Citizens by descent — but not in law

UNDER nationality law from 1956 anyone with an Irish great-grandparent, grandparent or parent was eligible for citizenship by descent.

This simply entailed getting records showing your link to Ireland and filling out an application with the Irish consulate. Once that was done, you were an Irish citizen.

However, in 1984 the law was changed and members of the Irish diaspora whose closest link to Ireland was a great-grandparent no longer qualified for citizenship by descent.

As the years go by, fewer and fewer of the Irish diaspora will have grandparents who were born in Ireland. Today, the Republic is allowing in huge numbers of non-nationals while the current citizenship by descent laws are keeping Irish people out of their homeland.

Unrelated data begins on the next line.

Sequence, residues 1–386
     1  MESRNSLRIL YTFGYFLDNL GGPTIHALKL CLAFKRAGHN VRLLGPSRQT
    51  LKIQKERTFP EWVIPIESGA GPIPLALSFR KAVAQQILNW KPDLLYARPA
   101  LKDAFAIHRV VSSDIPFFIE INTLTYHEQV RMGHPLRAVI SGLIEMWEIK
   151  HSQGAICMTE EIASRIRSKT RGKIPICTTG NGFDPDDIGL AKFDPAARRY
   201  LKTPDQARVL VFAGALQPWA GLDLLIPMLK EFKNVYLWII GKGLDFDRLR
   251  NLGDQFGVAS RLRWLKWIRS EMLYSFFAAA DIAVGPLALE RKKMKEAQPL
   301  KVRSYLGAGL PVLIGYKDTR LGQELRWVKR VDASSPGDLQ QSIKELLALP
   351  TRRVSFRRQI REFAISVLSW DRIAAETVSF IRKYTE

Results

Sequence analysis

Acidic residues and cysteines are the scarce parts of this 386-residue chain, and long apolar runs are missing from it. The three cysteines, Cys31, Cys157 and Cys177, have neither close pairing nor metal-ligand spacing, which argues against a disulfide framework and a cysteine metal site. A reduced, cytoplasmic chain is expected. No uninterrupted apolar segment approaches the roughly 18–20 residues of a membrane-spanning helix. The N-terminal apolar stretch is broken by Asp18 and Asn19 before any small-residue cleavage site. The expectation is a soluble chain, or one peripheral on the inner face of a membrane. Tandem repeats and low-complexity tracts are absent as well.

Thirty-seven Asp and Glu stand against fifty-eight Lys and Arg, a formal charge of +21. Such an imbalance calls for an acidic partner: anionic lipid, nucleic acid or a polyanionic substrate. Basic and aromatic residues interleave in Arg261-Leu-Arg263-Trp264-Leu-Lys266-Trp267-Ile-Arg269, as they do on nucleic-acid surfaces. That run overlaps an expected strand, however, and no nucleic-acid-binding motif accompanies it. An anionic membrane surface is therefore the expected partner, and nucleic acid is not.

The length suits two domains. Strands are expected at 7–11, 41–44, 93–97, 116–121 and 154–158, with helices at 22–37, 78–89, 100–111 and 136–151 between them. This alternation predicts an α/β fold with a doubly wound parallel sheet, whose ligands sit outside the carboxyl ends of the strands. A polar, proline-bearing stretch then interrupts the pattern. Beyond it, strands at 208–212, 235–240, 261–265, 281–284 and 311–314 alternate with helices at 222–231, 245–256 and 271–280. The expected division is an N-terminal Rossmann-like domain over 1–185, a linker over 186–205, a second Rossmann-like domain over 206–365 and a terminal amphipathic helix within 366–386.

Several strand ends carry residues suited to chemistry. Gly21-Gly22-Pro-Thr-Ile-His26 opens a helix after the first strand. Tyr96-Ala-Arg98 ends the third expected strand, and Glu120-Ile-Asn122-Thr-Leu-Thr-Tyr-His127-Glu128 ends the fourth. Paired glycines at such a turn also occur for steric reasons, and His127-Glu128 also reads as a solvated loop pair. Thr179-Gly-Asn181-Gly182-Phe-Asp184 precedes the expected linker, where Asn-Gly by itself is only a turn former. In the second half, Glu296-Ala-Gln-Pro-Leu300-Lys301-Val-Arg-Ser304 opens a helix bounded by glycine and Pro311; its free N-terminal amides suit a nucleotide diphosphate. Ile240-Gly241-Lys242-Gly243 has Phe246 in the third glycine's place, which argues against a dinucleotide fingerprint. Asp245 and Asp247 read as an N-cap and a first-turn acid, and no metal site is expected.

For example, why should someone from Poland be able to show up in Ireland tomorrow and start working and living there instantly, yet an Irish person from the USA doing the same would be an illegal immigrant subject to arrest and deportation?

The law should still allow citizenship by descent for those with an Irish great-grandparent, with the possibility of extending citizenship to all of Irish ancestry. Until the law is changed I will not be able to obtain citizenship, despite the fact that I have lots of Irish ancestors.

My closest link is my great-grandmother who came to the USA as a child.

Eric Hafner

602 4th Ave Rear

Bradley Beach

New Jersey 07720-1251

USA

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